EMU: Retail Sales

Mon Feb 05 04:00:00 CST 2018

Consensus Actual Previous Revised
Month over Month -1.0% -1.1% 1.5% 2.0%
Year over Year 1.9% 1.9% 2.8% 3.9%

Retailers had a poor December. However, a 1.1 percent monthly fall in volumes (ex-autos) was much as expected and followed a sharply stronger revised 2.0 percent surge in November. Annual growth of purchases was 1.9 percent, down from a significantly higher revised 3.9 percent last time.

Monthly non-food sales, excluding auto fuel, slumped 1.2 percent, their second fall in excess of 1 percent since September. However, November's jump was steepened to fully 2.8 percent so the damage here was nothing like as bad as first appearances might suggest. Textiles, clothing and footwear (minus 3.3 percent) had a particularly torrid time and electrical goods and furniture (minus 1.5 percent) similarly struggled. Auto fuel (minus 1.5 percent) saw its fifth fall in six months but pharmaceuticals (0.8 percent) expanded on November's advance.

Regionally, a 1.9 percent slide in Germany did much to depress the headline monthly change and both France (minus 0.4 percent) and Spain (minus 0.6 percent) similarly had a negative effect.

December's data and accompanying revisions make for a highly erratic monthly profile to retail sales last quarter. However, for the period as a whole, purchases rose 0.3 percent versus July-September when they increased at twice that rate. As such, the signs are that overall consumer spending may have cooled a little and that decent fourth quarter Eurozone GDP growth (0.6 percent) was probably in part attributable to stronger overseas demand.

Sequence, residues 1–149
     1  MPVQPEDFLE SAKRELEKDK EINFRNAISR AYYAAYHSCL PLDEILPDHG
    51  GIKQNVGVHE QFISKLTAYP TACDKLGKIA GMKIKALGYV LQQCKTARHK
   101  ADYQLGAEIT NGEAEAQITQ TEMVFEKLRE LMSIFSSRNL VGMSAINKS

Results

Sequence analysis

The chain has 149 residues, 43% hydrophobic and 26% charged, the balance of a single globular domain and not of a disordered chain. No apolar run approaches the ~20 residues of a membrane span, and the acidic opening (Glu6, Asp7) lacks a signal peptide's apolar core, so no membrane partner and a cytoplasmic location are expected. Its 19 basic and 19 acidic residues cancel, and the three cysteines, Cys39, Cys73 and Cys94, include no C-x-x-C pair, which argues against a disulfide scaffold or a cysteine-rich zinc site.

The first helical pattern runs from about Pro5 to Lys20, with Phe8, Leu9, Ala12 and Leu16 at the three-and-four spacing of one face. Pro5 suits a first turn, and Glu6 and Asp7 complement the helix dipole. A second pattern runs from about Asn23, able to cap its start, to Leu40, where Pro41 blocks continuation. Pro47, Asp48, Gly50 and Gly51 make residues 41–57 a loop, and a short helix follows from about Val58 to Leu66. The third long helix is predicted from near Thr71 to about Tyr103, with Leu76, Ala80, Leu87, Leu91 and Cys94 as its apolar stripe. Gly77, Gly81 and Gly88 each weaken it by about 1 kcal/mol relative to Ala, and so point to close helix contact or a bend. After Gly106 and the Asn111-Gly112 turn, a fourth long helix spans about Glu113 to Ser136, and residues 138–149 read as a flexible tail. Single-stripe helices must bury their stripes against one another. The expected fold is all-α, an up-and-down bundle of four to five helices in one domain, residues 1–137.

Retail sales measure goods that are sold to the consumer or end-user, generally in small quantities and in the state in which they were purchased by the retailer. Eurozone retail sales are reported monthly, in volume terms and exclude autos and motorcycles. A limited sector breakdown is presented in the first release but much more detail is available in the following period's release.

Retail sales are important indicators of domestic consumer demand and are monitored closely by analysts as an important input to GDP. If you know what consumers are up to, you will have a pretty good idea on where the economy is headed. Needless to say, that's a big advantage for investors. The data are available in both value and volume measures although the press release deals only with volume. In addition to the total, the initial report provides a limited breakdown that separately identifies food, drink and tobacco, and (excluding automotive fuel) non-food products. A more comprehensive dataset is only available with the following month’s release. Unlike the U.S. and Canada, auto sales are not included in the retail sales data.

The pattern in consumer spending is often the foremost influence on stock and bond markets. For stocks, strong economic growth translates to healthy corporate profits and higher stock prices. For bonds, the focus is whether economic growth goes overboard and leads to inflation. Ideally, the economy walks that fine line between strong growth and excessive (inflationary) growth.

Retail sales not only give you a sense of the big picture, but also the trends among different types of retailers. Perhaps auto sales are especially strong or apparel sales are showing exceptional weakness. These trends from the retail sales data can help you spot specific investment opportunities, without having to wait for a company's quarterly or annual report.